Dr Madhuri Agarwal, an aesthetic dermatologist, founder & medical director at  Yavana Aesthetics Clinic, says, “There is no scientific evidence to back the claims of this practice. Mewing can work temporarily, say when you want to pose for a photograph. The jaw looks more shapely for a short period due to the position. However, it is not feasible for an individual to do this continuously throughout the day. At best, it gives the temporary effect of the jawline appearing defined till one holds the tongue against the roof. However, when you release it, the effect disappears.” 

Is Mewing safe?

Your tongue plays a vital role in keeping your teeth straight and your speech clear. Forcing it to stay in unnatural positions constantly over a period of time may have negative consequences.

Dr Agarwal says, “Mewing can cause more harm than good. I do not recommend doing mewing for the so-called perceived benefits.” She further states, “There are side effects associated with mewing. Firstly, it is not humanly possible to hold the tongue against the roof of the mouth the entire time. In mewing, the teeth are in contact all the time, which can lead to chipping or damage to the enamel. The constant holding of the tongue against the roof of the mouth can also lead to pain in neck and mouth areas.”

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“There is no scientific evidence to back the claims of this practice. Mewing can work temporarily, say when you want to pose for a photograph.”

Dr Madhuri Agarwal,  an Aesthetic Dermatologist, Founder & Medical Director at  Yavana Aesthetics Clinic

Protect yourself from fad fatigue

Dr Hemmady says, “I've encountered patients intrigued by mewing and other trends. It's crucial to discuss these interests openly, guiding them with accurate information and potential realistic outcomes. Trends like mewing can indeed seem enticing. While the concept is intriguing, it's important to approach these practices with a realistic perspective. Seeking professional advice is essential, as at-home practices might not offer the comprehensive and tailored approach that clinics can provide. The allure of shortcuts can sometimes overshadow the long-term benefits of proper, professional care.”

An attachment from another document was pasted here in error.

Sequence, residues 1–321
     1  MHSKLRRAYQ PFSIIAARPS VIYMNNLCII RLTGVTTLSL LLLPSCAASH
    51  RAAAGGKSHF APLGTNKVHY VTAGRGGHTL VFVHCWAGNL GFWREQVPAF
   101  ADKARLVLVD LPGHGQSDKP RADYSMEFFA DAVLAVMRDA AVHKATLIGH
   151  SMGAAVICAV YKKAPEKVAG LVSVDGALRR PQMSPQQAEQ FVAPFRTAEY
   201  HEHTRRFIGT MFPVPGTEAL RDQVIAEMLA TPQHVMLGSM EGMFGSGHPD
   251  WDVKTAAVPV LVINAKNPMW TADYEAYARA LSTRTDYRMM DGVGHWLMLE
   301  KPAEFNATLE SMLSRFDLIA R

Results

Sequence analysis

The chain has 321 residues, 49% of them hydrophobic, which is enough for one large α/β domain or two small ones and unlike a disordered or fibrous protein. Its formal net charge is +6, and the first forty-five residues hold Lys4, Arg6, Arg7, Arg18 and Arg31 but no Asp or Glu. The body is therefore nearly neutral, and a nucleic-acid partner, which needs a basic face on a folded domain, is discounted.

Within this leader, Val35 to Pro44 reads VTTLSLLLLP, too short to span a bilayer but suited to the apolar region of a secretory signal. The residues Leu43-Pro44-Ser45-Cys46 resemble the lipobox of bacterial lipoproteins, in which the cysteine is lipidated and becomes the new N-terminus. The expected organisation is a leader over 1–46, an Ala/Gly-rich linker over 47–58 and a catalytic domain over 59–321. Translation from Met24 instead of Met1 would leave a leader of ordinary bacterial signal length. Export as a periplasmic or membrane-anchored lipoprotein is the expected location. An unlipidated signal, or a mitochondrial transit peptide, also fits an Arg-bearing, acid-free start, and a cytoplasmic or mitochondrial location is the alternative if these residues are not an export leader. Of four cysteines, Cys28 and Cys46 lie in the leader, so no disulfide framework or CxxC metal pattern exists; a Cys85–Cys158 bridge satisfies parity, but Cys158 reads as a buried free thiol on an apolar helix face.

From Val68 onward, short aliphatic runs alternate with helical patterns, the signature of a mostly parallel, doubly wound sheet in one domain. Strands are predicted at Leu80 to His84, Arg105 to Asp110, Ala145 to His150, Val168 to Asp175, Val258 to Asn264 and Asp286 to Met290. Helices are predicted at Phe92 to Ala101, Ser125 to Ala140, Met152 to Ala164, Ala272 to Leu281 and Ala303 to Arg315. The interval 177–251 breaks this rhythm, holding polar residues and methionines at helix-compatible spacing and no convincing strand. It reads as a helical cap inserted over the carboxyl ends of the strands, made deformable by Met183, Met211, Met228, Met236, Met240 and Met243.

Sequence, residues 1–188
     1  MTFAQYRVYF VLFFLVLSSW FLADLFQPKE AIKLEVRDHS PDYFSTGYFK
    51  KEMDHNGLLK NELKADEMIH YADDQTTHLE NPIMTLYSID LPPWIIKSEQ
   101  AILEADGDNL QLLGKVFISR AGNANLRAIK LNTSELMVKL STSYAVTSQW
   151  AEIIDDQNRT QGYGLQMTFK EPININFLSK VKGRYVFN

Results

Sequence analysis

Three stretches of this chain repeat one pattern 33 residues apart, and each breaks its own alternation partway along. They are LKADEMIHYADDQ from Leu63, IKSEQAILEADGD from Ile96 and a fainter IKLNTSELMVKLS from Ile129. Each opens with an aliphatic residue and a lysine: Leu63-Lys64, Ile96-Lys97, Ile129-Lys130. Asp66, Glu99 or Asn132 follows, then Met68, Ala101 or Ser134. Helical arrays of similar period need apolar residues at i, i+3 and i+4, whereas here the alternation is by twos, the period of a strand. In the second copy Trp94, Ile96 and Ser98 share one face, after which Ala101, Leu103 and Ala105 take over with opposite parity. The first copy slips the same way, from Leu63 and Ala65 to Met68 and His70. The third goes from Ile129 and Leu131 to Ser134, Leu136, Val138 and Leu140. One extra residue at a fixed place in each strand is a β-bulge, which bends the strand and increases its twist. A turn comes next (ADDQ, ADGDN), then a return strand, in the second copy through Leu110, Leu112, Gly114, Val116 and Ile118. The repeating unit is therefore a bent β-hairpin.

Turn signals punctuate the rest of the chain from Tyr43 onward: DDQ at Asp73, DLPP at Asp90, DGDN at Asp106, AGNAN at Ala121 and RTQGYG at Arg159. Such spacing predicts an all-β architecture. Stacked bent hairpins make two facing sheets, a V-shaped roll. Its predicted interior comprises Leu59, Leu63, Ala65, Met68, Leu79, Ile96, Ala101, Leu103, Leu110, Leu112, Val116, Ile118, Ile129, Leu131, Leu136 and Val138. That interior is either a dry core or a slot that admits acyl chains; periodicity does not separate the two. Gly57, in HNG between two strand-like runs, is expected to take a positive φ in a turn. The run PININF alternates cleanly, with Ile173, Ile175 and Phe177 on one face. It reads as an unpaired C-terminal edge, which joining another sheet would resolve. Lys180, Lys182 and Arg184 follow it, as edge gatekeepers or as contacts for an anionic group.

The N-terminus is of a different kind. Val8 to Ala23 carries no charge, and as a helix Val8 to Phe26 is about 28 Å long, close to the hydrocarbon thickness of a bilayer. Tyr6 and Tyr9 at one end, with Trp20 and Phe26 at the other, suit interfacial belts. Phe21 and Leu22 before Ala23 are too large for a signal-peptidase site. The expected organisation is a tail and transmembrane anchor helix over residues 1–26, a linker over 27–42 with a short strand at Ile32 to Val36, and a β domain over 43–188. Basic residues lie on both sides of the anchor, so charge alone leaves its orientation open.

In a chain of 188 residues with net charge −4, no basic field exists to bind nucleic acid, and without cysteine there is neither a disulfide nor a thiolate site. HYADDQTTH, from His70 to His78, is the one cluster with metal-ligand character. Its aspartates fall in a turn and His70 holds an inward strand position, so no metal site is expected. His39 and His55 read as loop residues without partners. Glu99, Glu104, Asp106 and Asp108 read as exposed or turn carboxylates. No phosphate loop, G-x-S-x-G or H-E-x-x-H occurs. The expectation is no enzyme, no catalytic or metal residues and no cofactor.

Dr Agarwal recommends, “My advice is not to get swayed easily by beauty fads. Look at the fads realistically and try to understand the science and feasibility of it. Look at the qualifications of the individual talking or endorsing the fads, check for scientific research validating these claims, and consult a board-certified dermatologist to verify the authenticity of the fads. Also, it is essential to check whether these trends would work for your skin or body and if there are any reported side effects of these fads.”

Beyond the hype

While it's natural to be tempted by the idea of sculpting your face from the comfort of your couch, your face is more than just an aesthetic canvas. It's a complex structure influenced by genetics, health, and lifestyle. Succumbing to the pressure of beauty trends can compromise your health and self-worth.

Dr Hemmady puts it perfectly, “Beauty fads can be tempting, but one must strike a balance between curiosity and caution. Consult with a medical professional before diving into any trend. Health is unique to each individual, and personalised guidance ensures safe and informed choices.”


Aasia Merchant, Fluent Health

Aasia Merchant is a content creator with works featured in Netflix, Insider, Vice India, and more. She specialises in making out-of-box ideas come to life and always puts the audience’s perspective forward in everything she does.